Photo Credit: Wikimedia Commons.
An Israel Apartheid Week poster. Two UC Berkeley students whose complaint was rejected by the Office for Civil Rights said Israel Apartheid Week created a hostile environment for Jewish students

A lecturer at the University of California, Santa Cruz has called on university administrators to wake up and protect Jewish students on campuses around the United States.

Tammi Rossman-Benjamin a lecturer in the university’s Languages and Applied Linguistics department and a cofounder of the AMCHA Initiative, a non-profit organization that combats campus anti-Semitism, says that violence against Jewish students has become acceptable at American universities because university officials refuse to act against the phenomenon.

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“Who bears the most blame for the tsunami of campus anti-Semitism? University administrators,” Rossman-Benjamin told the JNS online news service.

“They routinely turn a blind eye to long-standing and pervasive anti-Jewish bigotry and (they) ignore Jewish students’ pleas for help. Language and behavior that would never be tolerated from students or faculty when directed against other campus minorities goes unchallenged by administrators when directed against Jewish students.

In a lengthy op-ed Rossman-Benjamin detailed a series of race-based attacks against African American and Hispanic students at universities around the country. University officials and local politicians reacted swiftly to those attacks, investigating the incidents and fiiling charges against assailants. In one case, California State Assembly Speaker John Perez created a Select Committee on Campus Climate to prevent racial tension at the state’s universities.

Would that Jewish students received the same consideration and protection. In recent years, pro-BDS groups have promoted their calls to boycott Israel with increasingly violent anti-Semitic rhetoric and imagery. Professors use university facilities for decidedly non-academic conferences, will little censure. Anti-Israel campaigns are accompanied by talks, rallies, and exhibits containing anti-Semitic imagery, rhetoric, and actions.

Nor have the attacks been limited to hate speech or offensive cartoons. At the University of California, Berkely the head of Students for Justice in Palestine attacked a Jewish student with a shopping cart by. At Harvard and New York Universities, Palestinian students placed “eviction notices” under the dorm rooms of Jewish students at Harvard and New York Universities. At San Francisco State University, “My Heroes Have Always Killed Colonizers” was the theme of an event hosted by the General Union of Palestine Students.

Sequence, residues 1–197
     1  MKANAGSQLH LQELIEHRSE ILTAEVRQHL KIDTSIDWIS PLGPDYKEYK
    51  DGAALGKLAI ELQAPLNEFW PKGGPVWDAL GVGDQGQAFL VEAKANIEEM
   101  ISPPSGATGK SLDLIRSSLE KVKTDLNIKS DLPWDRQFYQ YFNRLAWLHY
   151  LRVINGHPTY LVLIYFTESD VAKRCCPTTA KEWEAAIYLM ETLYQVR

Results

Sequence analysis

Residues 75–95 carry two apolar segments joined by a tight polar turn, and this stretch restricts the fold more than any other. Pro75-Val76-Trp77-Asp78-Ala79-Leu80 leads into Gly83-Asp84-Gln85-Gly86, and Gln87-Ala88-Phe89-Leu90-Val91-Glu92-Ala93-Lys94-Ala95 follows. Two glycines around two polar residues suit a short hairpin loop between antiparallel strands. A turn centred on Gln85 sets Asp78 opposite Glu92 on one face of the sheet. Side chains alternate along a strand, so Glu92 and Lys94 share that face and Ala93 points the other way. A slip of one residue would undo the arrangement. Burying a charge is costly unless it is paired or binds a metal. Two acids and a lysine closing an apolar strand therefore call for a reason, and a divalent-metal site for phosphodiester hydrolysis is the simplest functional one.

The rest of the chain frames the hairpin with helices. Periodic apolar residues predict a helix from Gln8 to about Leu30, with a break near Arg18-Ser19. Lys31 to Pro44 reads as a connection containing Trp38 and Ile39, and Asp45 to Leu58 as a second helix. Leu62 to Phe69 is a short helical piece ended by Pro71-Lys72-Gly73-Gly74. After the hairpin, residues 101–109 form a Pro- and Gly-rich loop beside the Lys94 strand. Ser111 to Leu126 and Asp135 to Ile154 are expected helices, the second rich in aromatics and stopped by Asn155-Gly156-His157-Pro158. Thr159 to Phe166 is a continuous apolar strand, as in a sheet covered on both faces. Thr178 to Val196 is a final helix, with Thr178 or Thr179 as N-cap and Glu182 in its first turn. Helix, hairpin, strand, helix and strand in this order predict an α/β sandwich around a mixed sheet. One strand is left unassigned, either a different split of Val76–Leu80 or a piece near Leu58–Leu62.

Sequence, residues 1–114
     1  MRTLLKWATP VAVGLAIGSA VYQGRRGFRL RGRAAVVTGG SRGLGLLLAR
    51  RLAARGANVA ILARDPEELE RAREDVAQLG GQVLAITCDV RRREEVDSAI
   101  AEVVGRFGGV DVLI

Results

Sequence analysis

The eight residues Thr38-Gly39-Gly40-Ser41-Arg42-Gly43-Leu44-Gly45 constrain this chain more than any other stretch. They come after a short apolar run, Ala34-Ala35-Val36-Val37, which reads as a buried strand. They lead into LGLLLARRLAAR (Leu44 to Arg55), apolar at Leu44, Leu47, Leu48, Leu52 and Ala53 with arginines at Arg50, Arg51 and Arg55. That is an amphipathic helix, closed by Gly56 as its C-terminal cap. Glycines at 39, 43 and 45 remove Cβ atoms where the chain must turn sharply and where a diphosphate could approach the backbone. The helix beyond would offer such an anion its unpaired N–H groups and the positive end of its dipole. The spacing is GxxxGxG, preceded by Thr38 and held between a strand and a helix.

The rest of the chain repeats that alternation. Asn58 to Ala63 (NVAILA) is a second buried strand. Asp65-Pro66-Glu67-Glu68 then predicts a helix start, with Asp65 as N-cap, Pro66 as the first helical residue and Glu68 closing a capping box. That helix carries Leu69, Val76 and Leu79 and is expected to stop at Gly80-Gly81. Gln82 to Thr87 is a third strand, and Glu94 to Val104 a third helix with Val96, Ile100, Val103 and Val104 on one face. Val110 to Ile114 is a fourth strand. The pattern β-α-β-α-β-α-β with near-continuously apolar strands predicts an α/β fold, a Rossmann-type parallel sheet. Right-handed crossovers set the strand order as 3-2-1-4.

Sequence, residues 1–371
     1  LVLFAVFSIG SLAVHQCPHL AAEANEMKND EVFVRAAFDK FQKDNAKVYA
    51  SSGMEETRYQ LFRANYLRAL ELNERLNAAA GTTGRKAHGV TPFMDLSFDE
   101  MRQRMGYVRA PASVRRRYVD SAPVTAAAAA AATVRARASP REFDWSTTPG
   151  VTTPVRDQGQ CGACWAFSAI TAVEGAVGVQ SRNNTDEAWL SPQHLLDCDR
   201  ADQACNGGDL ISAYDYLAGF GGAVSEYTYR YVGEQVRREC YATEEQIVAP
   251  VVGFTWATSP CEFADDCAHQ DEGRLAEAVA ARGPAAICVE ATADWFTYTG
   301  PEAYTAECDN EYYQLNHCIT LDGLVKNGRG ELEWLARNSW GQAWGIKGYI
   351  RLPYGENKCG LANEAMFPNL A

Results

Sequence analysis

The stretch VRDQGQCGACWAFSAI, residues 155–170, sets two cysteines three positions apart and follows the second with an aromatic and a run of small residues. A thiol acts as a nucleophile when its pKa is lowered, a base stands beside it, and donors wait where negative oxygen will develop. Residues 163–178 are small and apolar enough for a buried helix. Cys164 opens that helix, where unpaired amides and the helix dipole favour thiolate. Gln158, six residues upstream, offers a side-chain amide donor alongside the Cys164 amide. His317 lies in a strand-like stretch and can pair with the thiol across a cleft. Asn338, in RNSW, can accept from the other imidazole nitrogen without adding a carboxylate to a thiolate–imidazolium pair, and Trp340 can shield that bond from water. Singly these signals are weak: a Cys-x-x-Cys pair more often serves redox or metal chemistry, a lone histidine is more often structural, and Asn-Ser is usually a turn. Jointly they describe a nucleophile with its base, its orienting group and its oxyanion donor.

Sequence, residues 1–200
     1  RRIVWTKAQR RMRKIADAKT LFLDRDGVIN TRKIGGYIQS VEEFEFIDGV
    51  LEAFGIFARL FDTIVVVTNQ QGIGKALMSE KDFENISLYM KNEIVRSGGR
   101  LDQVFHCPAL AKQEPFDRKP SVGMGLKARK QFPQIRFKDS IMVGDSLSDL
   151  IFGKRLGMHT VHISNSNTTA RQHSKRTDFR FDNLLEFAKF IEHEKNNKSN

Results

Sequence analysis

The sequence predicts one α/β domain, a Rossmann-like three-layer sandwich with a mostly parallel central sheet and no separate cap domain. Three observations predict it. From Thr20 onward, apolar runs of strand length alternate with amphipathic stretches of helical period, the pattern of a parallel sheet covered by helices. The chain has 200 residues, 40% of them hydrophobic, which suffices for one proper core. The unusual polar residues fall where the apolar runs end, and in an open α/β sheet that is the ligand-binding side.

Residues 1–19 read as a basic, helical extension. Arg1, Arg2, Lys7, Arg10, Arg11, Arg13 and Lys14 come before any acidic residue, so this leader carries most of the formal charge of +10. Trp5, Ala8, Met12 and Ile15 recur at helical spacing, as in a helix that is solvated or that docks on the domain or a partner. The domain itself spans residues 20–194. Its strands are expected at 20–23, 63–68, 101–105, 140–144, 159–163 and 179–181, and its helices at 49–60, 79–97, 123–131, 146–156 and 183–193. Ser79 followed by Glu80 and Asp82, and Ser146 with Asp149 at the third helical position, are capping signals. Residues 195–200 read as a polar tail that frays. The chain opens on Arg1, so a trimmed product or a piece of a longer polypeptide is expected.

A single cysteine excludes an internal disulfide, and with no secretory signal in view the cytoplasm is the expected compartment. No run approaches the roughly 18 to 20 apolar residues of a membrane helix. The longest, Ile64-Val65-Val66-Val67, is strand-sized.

Rossman-Benjamin stresses that anti-Semitic attacks on campus are not limited to students.

The first major source for anti-Jewish sentiment on campus is members of the Muslim and pro-Palestinian student organizations. For more than a decade, these groups have sponsored speakers, films, exhibits, and guerrilla theater that engage in discourse or use imagery and language considered anti-Semitic by the U.S. State Department. These student groups have also been responsible for aggressively confronting students at pro-Israel events and threatening, physically harassing, and assaulting Jewish students.

Rossman-Benjamin says the ongoing siege against pro-Israel students has left many Jewish students and faculty members feeling harassed, intimidated and scarred. Many students say they feel their grades will suffer if they express pro-Israel views in class. In one case, a student at the University of California, Davis was physically assaulted for objecting to anti-Semitic banners displayed at a pro-Palestinian rally. One protestor purportedly screamed in his face, “You are racist and you should die in hell.”

Ultimately, however, Rossman-Benjamin lies the blame for the phenomenon squarely at the feet of university administrators.

“The primary responsibility for addressing campus anti-Semitism rests with university administrators. Unfortunately, they are missing in action when it comes to protecting Jewish students rights and ensuring their safety.

 

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Avi is a news writer for The Jewish Press. In the past, he has covered Israel and the Jewish world for Israel National News, Ami magazine and other international media.
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